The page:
The wise men have traveled home from Bethlehem. With the passing of their feast day on Jan. 6, the holiday season is behind us. Catholic and some Protestant liturgies count these weeks between Epiphany and Lent as “Ordinary Time.” Though the phrase refers to ordinal numbers (second week, third week, etc.), I am drawn to its secular connotation of a post-holiday return to everyday life. Most years, anyway.
January so far has been anything but ordinary. Must I abandon my sense of ordinary time for 2021, or shall I base it on a different calendar? Coptic and many other Orthodox churches use the old Julian calendar, which runs 13 days later, ending the Christmas season on Jan. 19—tomorrow. The event they celebrate that day is not the arrival of the wise men at the stable but Theophany, the baptism of Jesus in the River Jordan.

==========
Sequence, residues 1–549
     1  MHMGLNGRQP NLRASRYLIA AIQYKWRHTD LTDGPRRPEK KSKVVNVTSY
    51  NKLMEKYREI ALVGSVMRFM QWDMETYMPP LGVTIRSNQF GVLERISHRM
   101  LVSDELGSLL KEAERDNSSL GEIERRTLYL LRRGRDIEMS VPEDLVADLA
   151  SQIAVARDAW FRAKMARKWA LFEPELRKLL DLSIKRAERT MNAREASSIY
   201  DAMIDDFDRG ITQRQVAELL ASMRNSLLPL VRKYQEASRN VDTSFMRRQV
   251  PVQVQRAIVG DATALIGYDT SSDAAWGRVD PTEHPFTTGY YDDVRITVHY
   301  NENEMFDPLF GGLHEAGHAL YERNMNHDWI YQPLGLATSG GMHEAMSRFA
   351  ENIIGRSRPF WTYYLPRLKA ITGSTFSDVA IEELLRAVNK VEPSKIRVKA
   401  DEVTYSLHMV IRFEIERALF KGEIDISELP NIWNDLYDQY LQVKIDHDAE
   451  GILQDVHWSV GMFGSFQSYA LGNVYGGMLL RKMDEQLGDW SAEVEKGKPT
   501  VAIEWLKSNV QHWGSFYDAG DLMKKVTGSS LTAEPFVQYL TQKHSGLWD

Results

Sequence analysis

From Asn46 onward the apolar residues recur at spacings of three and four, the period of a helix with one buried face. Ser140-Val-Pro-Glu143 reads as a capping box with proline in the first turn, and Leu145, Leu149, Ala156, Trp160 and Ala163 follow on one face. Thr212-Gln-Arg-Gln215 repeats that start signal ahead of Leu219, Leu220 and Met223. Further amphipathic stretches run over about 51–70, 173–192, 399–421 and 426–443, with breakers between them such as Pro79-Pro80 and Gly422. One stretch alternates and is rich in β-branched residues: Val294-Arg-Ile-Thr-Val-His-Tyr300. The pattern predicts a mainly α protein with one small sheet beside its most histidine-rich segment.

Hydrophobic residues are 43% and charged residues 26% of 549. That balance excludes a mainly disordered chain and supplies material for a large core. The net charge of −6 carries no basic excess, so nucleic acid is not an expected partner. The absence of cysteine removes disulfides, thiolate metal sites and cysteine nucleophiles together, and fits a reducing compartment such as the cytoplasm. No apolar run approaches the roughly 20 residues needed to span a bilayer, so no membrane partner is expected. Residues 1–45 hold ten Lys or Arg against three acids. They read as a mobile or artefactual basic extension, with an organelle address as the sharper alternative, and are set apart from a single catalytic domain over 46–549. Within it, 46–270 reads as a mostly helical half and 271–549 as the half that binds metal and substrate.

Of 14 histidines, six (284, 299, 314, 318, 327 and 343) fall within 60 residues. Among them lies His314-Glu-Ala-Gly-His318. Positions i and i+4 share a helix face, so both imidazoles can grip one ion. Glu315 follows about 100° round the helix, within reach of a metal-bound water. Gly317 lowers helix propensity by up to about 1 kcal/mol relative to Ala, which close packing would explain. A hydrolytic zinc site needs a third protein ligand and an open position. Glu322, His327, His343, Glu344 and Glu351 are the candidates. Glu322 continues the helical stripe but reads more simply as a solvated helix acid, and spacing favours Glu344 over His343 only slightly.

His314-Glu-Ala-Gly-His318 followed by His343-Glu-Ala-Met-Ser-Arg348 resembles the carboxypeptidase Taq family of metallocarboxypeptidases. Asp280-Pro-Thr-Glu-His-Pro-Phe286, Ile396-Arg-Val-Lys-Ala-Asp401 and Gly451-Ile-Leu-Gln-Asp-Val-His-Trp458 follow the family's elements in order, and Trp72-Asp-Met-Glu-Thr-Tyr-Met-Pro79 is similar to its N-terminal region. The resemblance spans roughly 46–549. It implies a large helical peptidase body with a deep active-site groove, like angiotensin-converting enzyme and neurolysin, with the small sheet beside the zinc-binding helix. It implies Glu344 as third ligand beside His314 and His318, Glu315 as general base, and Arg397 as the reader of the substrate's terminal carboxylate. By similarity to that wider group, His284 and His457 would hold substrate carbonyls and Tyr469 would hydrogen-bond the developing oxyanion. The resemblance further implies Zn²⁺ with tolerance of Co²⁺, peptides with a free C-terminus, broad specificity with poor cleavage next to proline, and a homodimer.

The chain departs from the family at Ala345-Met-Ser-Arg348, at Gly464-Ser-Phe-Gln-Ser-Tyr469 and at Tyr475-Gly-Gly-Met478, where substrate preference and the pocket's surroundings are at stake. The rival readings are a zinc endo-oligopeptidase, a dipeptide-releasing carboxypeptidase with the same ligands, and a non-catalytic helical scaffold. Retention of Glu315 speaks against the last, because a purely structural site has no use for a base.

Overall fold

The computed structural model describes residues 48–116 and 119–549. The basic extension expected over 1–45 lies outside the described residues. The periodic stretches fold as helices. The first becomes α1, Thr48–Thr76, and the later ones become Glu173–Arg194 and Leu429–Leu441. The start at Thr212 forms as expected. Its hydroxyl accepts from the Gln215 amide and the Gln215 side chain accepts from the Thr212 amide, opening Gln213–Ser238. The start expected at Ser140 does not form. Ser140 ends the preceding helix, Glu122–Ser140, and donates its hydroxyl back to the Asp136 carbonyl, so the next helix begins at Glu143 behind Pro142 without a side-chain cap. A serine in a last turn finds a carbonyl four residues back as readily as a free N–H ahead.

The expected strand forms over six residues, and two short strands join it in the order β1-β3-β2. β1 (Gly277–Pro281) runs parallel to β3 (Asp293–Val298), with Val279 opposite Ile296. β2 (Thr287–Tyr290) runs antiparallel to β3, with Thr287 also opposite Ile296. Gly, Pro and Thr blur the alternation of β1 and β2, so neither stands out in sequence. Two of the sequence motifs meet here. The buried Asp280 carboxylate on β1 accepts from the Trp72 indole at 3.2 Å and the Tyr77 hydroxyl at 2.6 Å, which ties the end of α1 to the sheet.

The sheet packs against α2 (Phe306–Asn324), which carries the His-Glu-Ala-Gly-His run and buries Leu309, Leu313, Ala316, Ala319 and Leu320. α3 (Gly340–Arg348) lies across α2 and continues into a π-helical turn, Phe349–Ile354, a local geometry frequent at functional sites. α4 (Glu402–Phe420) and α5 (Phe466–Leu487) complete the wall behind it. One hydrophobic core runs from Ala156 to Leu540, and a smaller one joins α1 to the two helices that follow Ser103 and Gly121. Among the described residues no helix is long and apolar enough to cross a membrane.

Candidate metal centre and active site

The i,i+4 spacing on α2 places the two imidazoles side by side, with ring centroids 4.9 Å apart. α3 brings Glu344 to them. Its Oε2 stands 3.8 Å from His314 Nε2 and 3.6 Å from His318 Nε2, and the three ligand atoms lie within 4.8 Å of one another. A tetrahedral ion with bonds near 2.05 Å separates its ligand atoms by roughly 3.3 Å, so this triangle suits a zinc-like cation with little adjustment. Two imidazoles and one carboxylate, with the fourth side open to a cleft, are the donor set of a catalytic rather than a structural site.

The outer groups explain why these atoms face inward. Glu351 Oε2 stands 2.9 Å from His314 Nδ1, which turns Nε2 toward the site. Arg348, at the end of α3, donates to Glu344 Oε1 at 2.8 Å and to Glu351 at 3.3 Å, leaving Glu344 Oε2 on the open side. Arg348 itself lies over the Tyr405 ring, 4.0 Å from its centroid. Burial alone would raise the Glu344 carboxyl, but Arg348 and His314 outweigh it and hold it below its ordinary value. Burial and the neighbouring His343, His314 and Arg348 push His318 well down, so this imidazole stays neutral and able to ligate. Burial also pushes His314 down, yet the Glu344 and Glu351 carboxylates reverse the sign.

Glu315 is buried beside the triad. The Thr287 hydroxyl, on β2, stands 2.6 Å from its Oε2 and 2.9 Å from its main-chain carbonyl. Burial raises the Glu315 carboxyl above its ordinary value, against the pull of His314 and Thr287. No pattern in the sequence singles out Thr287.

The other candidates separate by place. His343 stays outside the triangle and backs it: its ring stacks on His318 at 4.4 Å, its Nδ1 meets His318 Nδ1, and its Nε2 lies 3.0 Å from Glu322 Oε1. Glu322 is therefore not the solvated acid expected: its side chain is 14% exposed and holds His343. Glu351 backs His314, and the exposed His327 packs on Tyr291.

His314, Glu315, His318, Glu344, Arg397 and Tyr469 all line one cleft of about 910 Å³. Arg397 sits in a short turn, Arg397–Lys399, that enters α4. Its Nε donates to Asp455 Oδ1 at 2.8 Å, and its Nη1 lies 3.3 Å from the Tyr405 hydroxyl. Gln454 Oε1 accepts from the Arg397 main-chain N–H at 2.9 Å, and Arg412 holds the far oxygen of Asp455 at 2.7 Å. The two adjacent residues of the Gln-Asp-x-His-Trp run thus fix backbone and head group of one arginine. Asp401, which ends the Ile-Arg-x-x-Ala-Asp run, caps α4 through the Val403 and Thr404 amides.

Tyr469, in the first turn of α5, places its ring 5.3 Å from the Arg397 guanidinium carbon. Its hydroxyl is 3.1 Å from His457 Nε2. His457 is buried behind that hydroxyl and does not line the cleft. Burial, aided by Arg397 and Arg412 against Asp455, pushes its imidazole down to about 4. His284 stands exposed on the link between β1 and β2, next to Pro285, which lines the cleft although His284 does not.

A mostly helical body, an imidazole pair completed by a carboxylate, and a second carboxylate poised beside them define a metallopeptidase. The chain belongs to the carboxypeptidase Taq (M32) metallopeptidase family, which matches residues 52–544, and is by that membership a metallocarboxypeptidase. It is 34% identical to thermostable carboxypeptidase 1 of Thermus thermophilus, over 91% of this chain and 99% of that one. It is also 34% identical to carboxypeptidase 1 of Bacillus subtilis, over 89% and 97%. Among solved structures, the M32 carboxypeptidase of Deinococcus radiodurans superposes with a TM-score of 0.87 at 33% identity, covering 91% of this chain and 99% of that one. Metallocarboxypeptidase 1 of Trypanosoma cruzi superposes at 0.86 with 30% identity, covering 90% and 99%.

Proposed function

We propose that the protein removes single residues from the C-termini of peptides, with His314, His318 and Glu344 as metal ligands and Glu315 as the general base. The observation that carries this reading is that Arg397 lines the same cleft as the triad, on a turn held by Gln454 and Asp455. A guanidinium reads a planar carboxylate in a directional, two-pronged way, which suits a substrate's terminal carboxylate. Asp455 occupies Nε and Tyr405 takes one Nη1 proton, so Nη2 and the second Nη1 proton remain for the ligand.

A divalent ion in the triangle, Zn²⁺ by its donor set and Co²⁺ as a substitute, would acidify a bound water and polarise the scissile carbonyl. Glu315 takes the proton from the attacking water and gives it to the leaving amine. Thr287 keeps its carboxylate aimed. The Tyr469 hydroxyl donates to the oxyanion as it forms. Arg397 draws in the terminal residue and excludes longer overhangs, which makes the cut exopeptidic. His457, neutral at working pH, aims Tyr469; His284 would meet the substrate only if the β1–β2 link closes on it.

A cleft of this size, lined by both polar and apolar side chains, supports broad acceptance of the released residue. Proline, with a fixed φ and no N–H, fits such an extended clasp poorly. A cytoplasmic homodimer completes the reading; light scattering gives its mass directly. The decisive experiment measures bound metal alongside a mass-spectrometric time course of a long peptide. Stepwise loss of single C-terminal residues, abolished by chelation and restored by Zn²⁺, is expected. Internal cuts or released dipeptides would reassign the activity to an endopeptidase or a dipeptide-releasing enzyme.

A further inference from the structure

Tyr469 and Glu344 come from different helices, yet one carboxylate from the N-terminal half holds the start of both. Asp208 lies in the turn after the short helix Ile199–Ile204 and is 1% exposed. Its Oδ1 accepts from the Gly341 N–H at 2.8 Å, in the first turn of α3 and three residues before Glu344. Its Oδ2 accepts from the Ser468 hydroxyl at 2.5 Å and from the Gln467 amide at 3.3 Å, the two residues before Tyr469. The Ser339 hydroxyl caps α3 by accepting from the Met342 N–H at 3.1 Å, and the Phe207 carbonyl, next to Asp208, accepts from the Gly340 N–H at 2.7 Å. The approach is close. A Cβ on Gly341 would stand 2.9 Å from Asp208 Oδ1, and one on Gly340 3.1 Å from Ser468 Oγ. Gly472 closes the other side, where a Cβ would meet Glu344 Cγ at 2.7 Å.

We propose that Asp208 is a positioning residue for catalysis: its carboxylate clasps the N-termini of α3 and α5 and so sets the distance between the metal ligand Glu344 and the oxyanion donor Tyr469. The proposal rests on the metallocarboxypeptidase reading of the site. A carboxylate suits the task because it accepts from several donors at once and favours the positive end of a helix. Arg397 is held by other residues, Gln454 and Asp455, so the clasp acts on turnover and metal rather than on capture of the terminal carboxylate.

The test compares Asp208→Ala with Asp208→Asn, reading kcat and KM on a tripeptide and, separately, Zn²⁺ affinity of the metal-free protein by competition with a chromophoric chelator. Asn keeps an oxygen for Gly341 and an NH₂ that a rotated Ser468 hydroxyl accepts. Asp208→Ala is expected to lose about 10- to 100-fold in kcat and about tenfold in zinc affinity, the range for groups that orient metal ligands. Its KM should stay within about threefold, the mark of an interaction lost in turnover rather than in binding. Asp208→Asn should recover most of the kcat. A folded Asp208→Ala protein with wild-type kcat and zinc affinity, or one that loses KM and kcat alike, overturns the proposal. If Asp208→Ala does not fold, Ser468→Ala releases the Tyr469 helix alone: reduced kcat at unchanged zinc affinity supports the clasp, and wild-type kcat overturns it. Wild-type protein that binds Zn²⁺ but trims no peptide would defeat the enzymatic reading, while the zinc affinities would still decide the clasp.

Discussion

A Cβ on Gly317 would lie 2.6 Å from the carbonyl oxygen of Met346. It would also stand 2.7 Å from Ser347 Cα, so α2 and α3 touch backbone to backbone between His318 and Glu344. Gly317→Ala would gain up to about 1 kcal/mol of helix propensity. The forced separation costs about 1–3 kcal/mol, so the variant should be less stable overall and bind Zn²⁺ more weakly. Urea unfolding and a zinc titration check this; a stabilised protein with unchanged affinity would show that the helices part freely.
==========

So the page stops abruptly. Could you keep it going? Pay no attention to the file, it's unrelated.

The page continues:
Living in Eritrea long ago, I went to a Timket or Theophany festival. The huge crowd was exuberant; Jan. 19 was clearly a major holiday. Perhaps for this year, I can welcome “ordinary time” as beginning the following day, Jan. 20. May it bring a fresh season of calm and relief.
Image: Coptic icon of the baptism of Jesus, or Theophany.
I'm a historian who writes novels and literary nonfiction. My home base is Madison, Wisconsin.